Starry skies call those who long for silence: leave the party, the mall, the jingle bell rock, the trivial TV. Step outside. Look up.
Robert Frost’s 1943 poem “Choose Something Like a Star” speaks to our position beneath the glittering skyscape. Alone beneath the stars the poet addresses “the fairest one in sight.” He admires its loftiness and obscurity, saying, “dark is what brings out your light.”
Not content to rest in his awe, he then begins interrogating the star in scientific terms (“Talk Farenheit! Talk Centigrade!). The poet begs the star to say something. It only says, “I burn.”
Yet Frost maintains that the star possesses a silent speech; it does “ask from us a certain height.”
So when at times the mob is swayed
To carry praise or blame too far,
We may choose something like a star
To stay our minds on and be staid.
Robert Frost lived for many years in Amherst, Massachusetts. When the town prepared for its 1959 bicentennial, they commissioned composer Randall Thompson to create a tribute to their beloved poet-citizen. Thompson chose seven of Frost’s poems for a song-suite known as Frostiana. Among them is “Choose Something Like a Star.” Thompson’s work takes the poem to even greater heights, soaring and then returning to the firm but hopeful position of the “staid.” It is a stunning piece.
I love “Choose Something Like a Star” and the choral work it inspired. The poem seems to summarize well the response of many contemporary souls facing the question of the existence of God. We’re awed by the mystery of creation and the longings of our own soul for contact with the divine. At the same time, we’re frustrated when the Almighty doesn’t produce the data we desire to verify his existence. He doesn’t speak in Centigrade. Nevertheless, we sense the invitation to choose, and in the choosing, we may find ourselves grounded amidst the vicissitudes of life, “staid.”
Beautiful as Frost’s contemplation is, that ragamuffin songwriter Rich Mullins, whose untimely death in 1997 gave the longings of his heart a wider audience than they might otherwise have had, takes me even higher. “Sometimes I think of Abraham,” he confesses in simple faith,”how one star he saw had been lit for me.”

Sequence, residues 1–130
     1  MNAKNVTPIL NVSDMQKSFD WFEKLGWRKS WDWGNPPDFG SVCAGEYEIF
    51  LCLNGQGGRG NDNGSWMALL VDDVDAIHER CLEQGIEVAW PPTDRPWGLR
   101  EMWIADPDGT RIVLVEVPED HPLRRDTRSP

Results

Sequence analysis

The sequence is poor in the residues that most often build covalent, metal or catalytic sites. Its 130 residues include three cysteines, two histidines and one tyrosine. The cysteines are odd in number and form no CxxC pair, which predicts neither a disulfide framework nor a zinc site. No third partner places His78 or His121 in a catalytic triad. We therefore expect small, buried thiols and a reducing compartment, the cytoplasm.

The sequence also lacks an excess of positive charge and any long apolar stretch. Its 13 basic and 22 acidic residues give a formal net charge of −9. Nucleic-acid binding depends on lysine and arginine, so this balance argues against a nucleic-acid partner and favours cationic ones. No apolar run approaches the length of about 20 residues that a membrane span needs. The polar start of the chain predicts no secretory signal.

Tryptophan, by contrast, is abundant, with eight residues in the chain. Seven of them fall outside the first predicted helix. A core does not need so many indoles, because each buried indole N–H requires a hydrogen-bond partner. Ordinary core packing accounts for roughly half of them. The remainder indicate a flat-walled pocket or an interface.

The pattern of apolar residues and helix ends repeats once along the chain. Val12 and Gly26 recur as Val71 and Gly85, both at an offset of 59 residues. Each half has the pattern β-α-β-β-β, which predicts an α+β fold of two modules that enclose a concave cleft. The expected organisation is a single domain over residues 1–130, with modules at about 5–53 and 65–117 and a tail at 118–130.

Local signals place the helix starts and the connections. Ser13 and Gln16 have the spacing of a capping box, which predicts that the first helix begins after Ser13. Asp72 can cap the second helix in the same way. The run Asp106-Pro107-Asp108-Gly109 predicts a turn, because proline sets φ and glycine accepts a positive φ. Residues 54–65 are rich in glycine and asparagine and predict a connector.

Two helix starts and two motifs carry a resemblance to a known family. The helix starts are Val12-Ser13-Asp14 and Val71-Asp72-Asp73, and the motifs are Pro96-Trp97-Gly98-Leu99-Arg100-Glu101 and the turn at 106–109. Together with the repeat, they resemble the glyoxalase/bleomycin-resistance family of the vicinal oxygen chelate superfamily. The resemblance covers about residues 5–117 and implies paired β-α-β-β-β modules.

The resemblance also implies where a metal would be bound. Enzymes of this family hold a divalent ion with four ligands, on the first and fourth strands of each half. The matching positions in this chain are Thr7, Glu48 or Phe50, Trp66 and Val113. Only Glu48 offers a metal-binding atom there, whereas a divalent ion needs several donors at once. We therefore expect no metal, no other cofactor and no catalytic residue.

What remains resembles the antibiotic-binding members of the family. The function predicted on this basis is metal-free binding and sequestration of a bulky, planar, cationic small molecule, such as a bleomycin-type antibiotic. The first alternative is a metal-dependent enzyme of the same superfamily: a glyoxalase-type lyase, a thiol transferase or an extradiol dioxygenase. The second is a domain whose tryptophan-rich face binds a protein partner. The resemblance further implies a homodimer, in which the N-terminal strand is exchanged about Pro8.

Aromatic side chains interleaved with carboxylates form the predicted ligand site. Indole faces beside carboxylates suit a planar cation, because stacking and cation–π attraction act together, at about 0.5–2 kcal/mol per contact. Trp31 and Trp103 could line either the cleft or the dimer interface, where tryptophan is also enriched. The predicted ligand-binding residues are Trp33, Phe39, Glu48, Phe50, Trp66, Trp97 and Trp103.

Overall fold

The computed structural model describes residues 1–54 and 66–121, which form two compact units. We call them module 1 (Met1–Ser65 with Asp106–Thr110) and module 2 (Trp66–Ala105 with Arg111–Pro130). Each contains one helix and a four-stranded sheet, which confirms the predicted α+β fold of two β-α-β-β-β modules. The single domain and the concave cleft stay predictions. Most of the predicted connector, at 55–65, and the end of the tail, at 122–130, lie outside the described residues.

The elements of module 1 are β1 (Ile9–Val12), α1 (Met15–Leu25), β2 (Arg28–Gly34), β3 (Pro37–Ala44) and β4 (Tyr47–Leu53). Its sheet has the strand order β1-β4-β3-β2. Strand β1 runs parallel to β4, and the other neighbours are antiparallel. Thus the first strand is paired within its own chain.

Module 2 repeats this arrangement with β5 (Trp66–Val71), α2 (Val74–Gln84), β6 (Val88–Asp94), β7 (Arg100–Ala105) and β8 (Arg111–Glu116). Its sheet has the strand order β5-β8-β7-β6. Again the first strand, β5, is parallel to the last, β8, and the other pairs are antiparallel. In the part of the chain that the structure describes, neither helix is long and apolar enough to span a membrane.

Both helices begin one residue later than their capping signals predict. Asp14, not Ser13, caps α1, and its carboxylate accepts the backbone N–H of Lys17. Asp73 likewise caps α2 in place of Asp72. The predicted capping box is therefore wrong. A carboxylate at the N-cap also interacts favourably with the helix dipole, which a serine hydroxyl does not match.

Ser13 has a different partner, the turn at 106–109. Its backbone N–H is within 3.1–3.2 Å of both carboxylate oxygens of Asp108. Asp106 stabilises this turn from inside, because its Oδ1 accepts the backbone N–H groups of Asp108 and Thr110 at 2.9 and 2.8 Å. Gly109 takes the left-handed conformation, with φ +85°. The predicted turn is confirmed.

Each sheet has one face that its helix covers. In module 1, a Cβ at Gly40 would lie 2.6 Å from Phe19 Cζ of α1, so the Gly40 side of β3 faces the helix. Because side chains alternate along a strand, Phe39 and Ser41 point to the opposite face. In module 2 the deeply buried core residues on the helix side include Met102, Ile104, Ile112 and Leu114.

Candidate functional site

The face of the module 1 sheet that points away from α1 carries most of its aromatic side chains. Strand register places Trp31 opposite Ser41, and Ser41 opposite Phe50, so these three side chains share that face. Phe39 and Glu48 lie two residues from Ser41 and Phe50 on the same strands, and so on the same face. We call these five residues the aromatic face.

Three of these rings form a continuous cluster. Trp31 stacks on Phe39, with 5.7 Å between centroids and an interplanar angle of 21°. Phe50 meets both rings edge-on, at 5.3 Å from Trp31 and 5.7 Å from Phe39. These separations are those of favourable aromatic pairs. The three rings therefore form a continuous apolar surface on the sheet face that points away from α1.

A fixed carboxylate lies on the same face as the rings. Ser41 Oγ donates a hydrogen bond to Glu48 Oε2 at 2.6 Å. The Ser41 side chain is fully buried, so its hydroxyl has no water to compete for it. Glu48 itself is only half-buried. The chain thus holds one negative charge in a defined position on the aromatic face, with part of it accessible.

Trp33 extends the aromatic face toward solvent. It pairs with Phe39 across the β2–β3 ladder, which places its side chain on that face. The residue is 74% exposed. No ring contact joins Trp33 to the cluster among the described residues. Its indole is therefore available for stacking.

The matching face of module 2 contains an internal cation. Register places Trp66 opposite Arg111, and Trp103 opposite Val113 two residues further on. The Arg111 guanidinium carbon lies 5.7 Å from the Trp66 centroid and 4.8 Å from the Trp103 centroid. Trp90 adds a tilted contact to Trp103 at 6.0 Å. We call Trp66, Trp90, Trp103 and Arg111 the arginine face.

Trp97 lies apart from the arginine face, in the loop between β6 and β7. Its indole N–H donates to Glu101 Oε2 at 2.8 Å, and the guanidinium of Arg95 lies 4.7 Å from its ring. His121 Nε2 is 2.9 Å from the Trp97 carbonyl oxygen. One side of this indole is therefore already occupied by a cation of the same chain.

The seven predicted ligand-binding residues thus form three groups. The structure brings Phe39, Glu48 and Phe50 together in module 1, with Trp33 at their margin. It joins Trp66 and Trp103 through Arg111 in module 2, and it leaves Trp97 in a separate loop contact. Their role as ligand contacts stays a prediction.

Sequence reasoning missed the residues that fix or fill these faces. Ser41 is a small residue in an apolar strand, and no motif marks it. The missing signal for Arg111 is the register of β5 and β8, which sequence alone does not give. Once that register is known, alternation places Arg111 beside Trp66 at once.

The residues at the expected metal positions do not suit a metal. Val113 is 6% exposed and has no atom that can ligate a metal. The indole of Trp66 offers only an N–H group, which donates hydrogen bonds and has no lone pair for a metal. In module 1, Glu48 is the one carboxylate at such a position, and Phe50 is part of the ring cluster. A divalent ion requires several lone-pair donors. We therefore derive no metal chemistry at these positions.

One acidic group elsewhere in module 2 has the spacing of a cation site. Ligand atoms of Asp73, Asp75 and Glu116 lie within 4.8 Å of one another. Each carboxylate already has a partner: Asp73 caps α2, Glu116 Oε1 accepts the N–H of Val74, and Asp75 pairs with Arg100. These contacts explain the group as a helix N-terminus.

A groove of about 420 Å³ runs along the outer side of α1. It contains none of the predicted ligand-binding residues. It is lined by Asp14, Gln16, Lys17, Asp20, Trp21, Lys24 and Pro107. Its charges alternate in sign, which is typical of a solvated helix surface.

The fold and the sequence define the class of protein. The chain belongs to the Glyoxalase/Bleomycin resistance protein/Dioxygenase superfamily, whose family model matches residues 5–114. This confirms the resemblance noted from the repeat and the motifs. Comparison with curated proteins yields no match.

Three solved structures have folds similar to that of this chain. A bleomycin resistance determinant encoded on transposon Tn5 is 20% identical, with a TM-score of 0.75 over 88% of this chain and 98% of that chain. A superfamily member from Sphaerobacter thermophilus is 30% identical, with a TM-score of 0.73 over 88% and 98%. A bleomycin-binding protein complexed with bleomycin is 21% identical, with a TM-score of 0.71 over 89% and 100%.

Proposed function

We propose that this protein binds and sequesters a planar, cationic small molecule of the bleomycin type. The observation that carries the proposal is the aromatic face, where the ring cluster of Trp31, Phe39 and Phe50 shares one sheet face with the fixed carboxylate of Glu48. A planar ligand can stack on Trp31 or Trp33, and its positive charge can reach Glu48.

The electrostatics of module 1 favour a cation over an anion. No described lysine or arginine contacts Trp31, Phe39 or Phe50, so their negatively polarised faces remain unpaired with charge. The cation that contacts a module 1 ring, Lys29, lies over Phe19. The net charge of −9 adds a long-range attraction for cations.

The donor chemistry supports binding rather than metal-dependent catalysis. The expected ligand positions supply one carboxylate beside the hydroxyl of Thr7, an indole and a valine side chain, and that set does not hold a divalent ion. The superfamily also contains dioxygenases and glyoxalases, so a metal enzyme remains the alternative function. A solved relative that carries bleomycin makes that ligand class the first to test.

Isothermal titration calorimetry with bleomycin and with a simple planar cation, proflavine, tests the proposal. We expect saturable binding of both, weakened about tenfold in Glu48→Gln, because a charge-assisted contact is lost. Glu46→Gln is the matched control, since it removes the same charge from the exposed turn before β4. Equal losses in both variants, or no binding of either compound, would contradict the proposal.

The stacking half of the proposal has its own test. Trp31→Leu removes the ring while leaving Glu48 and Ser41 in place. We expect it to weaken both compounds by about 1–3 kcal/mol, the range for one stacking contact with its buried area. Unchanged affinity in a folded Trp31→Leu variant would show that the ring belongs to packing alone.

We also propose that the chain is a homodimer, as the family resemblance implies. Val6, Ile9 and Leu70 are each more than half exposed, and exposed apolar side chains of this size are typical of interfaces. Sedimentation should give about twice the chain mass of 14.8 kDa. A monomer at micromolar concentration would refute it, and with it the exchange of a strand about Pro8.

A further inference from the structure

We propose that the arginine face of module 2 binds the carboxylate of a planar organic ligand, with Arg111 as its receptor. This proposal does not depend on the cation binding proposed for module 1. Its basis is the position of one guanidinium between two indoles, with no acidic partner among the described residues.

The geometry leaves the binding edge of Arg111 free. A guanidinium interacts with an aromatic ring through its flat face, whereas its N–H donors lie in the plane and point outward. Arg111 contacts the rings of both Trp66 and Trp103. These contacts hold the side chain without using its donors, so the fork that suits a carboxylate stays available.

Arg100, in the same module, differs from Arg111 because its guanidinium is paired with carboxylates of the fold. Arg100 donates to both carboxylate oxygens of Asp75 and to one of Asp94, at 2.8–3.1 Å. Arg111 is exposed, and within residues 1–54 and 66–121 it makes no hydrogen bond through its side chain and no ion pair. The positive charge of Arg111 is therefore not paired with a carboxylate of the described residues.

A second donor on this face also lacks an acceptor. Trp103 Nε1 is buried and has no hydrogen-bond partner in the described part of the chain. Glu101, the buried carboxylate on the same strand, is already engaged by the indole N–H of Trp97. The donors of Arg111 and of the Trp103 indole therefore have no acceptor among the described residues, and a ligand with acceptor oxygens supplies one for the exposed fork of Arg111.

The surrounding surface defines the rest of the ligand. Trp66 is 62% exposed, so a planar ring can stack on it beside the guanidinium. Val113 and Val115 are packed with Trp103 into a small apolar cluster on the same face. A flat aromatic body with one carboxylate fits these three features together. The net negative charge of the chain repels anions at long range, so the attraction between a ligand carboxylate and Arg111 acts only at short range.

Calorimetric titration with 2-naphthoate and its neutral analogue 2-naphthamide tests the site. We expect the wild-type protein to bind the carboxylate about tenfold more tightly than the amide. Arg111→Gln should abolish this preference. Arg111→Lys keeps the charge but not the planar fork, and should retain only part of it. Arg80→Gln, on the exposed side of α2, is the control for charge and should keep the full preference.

Mullins places himself within the revelation of the personal, triune God by taking us back to an ancient time when people chose their own gods in an attempt to find happiness and peace. Under a starry sky, a childless old Mesopotamian walked in faith before a loving God who called him by name. To human sensibilities, Abraham was “as good as dead.” But he was also open to God, whose revelation, though not scientifically quantifiable, is observable in other ways. That night God made Abraham two promises. He would make of him a great nation through whom all nations of the world would be blessed. And he would give him descendants, as many as the stars of the sky.
The fulfillment of that promise was a long time coming. But faith waits with a “conviction of things not seen” (Hebrews 11). Centuries later, God sharpened his promise to bless all people by revealing he would do so through the line of David, the shepherd-king. Gazing into a starry night, with an overflowing heart, David would commune with the God who made them. “When I see the heavens, the work of your fingers,” he marveled, “the moon and the stars that you set in place, what is man, that you are mindful of him?”
Mindfulness beyond mindfulness, the mysterious love of God.
Many more centuries later in another dark time, Herod, the king in Judea, reconstructed the Jerusalem temple on the site where David’s son Solomon had originally built it. A convert to Judaism (though not devout), Herod considered himself to be king of the Jews. But in Persia, a thousand miles away, magi known for their wisdom considered the stars.
One star convinced them that the King of the Jews was about to be born. They traveled to Jerusalem to worship him. “We have seen his star,” they told the unhappy king.
Through this star-signaled child, born in Bethlehem, “the city of David,” all nations would indeed be blessed. People from all nations who choose him are blessed with adoption as God’s own children, as God had told Abraham on that ancient, starry night. The mystery expands to us.
And the stars still call souls who long for silence: leave the party, the mall, the jingle bell rock, the trivial TV. We possess more scientific data about these blazing wonders than ever before, but data aside, stars still “ask of us a certain height.” Not to choose something like a star, but to choose Jesus Christ, whose birth was signaled by a star. Indeed, stars light up the darkness because they are “something like” the one who made them, the one who speaks through their silent beauty.
And “when at times the mob is swayed/To carry praise or blame too far,” as Frost wrote, the mystery of the stars silently invites us to choose their maker, signaled by a star, the true light of the world.
And, in the choosing, we will “be staid.”
Beautiful view of the majesty of the universe to Bruce Cockburn’s “Lord of the Starfields”:
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